The merchants of Elgin saw that a new harbour was required that could berth the larger trading vesels at the mouth of the River Lossie and this area quickly established itself as the new trading port for Elgin.  With the establishment of Seatown as a port for Elgin, and after the disaster at Stotfield, this area became the primary area for fishing around what is now Lossiemouth, although the fisheremen did not generally use the new pier and continued to land their catch on the beach at Seatown.

The new port at Lossiemouth continued to develop, and by 1764 a new pier had been erected.   During this time, a new planned development was laid out in a design which was popular at the time, with streets running parallel to each other with side streets cutting off at right angles.   This was in contrast to the higgledy piggledy nature of the fifty one houses in the original Seatown, and was the beginning of the modern Lossiemouth


Branderburgh

By the turn of the 19th century, the river harbour had become exceptionally busy and it had become obvious that a new modern harbour was required.   The Stotfield and Lossiemouth Harbour company was formed in 1834 to oversee the building of the harbour and the harbour was built between 1837 and 1839.   The foundation stone of the harbour was laid by Lieut. Colonel James Brander, who was the Laird of Pitgaveny and proprietor of the site.   It was from James Brander that the town of Branderburgh inherited its name.   The harbour was intended for merchant sailing ships, but the fishermen started to desert the river mouth for the better facilities offered at the new Lossiemouth harbour.   In 1857, to accommodate the growing fleet of fishing boats, a second harbour basin was built to the west of the original one, by the now renamed Elgin and Lossiemouth Harbour Company.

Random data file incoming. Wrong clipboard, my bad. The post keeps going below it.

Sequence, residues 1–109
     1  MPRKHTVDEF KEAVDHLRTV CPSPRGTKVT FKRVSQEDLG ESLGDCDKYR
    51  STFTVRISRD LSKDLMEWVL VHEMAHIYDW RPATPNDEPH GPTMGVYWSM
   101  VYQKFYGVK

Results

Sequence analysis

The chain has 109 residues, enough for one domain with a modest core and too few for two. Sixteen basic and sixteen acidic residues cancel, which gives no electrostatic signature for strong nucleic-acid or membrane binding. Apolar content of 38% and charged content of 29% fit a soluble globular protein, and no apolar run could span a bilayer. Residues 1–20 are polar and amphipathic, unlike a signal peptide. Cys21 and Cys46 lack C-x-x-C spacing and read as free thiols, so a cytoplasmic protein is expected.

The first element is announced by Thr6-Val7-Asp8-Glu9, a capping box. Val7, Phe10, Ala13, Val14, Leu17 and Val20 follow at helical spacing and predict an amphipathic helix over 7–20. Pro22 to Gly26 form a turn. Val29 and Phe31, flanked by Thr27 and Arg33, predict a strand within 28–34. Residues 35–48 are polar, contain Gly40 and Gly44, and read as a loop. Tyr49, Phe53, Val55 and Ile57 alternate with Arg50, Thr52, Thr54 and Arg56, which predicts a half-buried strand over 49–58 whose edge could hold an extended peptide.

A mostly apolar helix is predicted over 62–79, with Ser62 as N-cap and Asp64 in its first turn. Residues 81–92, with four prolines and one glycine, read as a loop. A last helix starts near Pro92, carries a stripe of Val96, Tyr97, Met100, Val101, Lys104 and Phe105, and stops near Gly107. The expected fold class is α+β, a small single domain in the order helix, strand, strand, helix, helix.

The building of the second basin was completed in 1860 and coincided with the explosion of the herring fishing industry around Scotland.   This attracted not only new boats to the harbour at certain times of the year, but also onshore related parts of the industry such as curing etc.

The area prospered, and Branderburgh developed, finally joining with Stotfield in the west by the early 1900's.   Lossiemouth as we know it today had taken shape.

The first of the famous Zulu class fishing boats, The Nonesuch, was designed and built by a Lossiemouth fisherman in 1879 and after the First World War, the first modern seine net vessel was also designed in Lossiemouth.   Various developments took place during the 20th. century and Lossiemouth prospered as a fishing port, landing both herring and whitefish.   With the Scottish fishing industry in decline, sadly, the harbour at Lossiemouth holds very few fishing boats any more.   Those that are owned by Lossiemouth fishermen are based at other west coast or north east ports and the harbour at Lossiemouth is now used as a marina for pleasure boats.


The Morayshire Railway

The Morayshire Railway was officially opened on 10th August 1852, in response to the requirement to move goods and people from the busy port of Lossiemouth to Elgin.   It only covered the five miles between Lossiemouth and Elgin, and later to Craigellachie, but was the first railway to be built north of Aberdeen.   It was the Morayshire Railway that persuaded Colonel Brander of Pitgaveney to build the footbridge between Seatown and the east beach to encourage more day tripping in summer months.  The railway closed to passengers in 1964 and to freight in 1966.